Botswana’s diamond industry is in safe hands

Botswana’s diamond industry is in safe hands

Okavango Diamond Company plans to diversify its business model after a new multi-year deal with De Beers was announced


Ever since large-scale diamond production began in 1972, the mining industry in Botswana has dominated the national economy and now accounts for around 85% of the country’s foreign earnings. The world’s second-largest producer of diamonds in 2022, one of the key players in the thriving industry is Okavango Diamond Company (ODC). 

The diamond marketing company, which is wholly owned by the government, was founded in 2013 when a landmark 10-year deal with De Beers saw aggregation and sales moving from London to Gaborone in Botswana. As part of the agreement, ODC initially had a share of 10% of the rough diamonds mined by Debswana — a mining company operated jointly by De Beers and the government, and the world’s leading producer of diamonds by value. 

That share has increased to 25% over the last decade as Botswana continues to transform itself from simply being a producer of rough diamonds to taking more of an active role in the broader industry. It now participates in activities such as trading, polishing and cutting, as well as support services such as transport and diamond banking. 

As this transition continues to gather pace, ODC is playing a vital role, as Mmetla Masire, Managing Director of Okavango Diamond Company, explains: “Over the past 10 years we have successfully demonstrated our competence to effectively manage and sell diamonds. Sales in our initial year reached around $94 million and we are now achieving annual revenue of $1 billion. This significant growth has allowed us to now focus on how we can expand. 

“While all goods were previously sold exclusively through De Beers, our presence means Botswana now has an additional avenue to sell its diamonds through. This diversification helps mitigate risks, as we can step in to purchase diamonds if De Beers decides not to buy. Consequently, the sales strength is distributed across multiple channels.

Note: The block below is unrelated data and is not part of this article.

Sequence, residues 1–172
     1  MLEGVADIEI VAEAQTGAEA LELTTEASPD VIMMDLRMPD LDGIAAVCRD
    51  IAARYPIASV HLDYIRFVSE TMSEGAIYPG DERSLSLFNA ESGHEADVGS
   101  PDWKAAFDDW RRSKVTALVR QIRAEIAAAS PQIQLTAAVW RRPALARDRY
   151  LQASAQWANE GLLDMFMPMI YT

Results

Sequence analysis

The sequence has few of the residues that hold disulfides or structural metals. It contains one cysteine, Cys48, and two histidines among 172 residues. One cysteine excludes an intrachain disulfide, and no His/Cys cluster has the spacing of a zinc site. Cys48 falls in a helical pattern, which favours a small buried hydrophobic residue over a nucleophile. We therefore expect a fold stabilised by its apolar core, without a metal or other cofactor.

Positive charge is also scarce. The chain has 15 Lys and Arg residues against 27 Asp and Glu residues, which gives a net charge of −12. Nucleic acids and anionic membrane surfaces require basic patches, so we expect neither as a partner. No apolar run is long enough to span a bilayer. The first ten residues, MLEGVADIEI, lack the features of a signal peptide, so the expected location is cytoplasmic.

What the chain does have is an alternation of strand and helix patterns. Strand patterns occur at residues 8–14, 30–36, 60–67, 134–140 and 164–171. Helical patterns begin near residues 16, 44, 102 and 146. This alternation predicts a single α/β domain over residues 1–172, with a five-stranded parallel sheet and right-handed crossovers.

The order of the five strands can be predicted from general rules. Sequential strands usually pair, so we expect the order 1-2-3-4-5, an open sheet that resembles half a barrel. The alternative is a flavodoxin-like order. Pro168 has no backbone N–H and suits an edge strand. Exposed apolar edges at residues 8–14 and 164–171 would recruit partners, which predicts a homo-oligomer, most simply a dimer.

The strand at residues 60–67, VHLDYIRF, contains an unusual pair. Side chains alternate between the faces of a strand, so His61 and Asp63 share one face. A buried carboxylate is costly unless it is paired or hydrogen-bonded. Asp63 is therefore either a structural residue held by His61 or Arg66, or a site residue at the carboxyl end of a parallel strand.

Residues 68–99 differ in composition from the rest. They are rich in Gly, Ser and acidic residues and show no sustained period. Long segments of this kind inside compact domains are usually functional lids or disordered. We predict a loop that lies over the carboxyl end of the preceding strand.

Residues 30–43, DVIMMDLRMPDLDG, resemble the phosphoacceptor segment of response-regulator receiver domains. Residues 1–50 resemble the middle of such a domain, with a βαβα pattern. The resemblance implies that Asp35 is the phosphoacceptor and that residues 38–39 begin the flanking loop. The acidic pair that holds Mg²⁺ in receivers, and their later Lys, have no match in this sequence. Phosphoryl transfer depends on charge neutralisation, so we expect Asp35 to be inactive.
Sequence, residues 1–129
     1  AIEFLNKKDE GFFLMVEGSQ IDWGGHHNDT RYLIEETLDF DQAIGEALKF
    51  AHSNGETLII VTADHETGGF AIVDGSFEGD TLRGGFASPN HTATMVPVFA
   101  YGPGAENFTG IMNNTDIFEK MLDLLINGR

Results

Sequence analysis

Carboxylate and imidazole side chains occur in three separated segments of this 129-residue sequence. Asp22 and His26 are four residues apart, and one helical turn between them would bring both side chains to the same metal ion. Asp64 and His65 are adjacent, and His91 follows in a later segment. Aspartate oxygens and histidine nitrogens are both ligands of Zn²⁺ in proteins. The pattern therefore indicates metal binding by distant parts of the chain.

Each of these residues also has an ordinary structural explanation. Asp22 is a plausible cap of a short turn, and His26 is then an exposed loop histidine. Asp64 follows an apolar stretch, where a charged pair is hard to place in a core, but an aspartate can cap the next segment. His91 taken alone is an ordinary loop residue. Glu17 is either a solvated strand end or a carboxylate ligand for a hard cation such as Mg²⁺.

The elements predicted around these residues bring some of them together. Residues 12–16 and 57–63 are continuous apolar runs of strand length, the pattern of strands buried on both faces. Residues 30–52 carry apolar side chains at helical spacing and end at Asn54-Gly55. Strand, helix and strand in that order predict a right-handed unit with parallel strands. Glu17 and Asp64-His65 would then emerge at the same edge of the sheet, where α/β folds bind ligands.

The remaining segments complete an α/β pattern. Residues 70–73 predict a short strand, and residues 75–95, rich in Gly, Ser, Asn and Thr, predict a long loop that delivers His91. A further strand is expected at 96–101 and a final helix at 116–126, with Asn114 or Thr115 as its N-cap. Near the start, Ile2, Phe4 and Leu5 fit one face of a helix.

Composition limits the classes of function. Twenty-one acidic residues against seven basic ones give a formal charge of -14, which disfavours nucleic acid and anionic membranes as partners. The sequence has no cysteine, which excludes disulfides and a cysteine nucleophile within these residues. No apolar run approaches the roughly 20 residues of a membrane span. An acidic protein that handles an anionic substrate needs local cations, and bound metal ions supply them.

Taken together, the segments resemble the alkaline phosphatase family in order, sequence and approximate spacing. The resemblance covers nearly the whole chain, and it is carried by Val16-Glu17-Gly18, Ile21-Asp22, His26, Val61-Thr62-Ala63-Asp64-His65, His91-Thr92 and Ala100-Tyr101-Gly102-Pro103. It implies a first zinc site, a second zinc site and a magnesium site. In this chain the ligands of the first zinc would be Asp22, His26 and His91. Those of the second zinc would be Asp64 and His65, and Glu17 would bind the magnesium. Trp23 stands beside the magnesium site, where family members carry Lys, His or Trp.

“While our focus remains within the diamond industry, we are expanding our operations along the value chain. Currently, our main involvement lies in marketing rough diamonds. However, to reduce risks and diversify our business, we are exploring opportunities in the polishing sector. Naturally, the progression from polishing diamonds would lead to
venturing into the jewelry sector. However, it
is essential for us to approach this expansion step by step, taking one phase at a time and ensuring its success before considering further developments.”


A significant agreement 

For more than half a century, Botswana has worked closely with De Beers and that relationship is set to continue after a new sales agreement was reached in July of this year. The British corporation came to terms with the government to extend rough diamond production to 2033 and mining licences to 2054. 

As part of the deal, ODC will increase the share of Debswana supply to 30% and then to around 50% by the final year of the contract, helping the company to continue to grow and further establish itself as the preferred choice for diamond buyers around the world. 

“We have achieved significant success in the auction sector, holding the record for one-day auctions of rough diamonds. Our auctions have seen tremendous growth, with the record amount reaching $182 million,” states Masire. 

“Now our goal is for customers to prioritize allocating a portion of their budget specifically for ODC. We want them to view us as a trusted and reliable partner, and we aim to become the preferred destination for diamond purchases.

“Revenue growth is also a significant priority for us. We have been investing in automation and technology to enhance our responsiveness and capacity to handle a greater volume of goods. This leads into our three-year strategy which aims to achieve a revenue target of over $1.5 billion per year. The hope is that the larger allocation will help facilitate this goal.”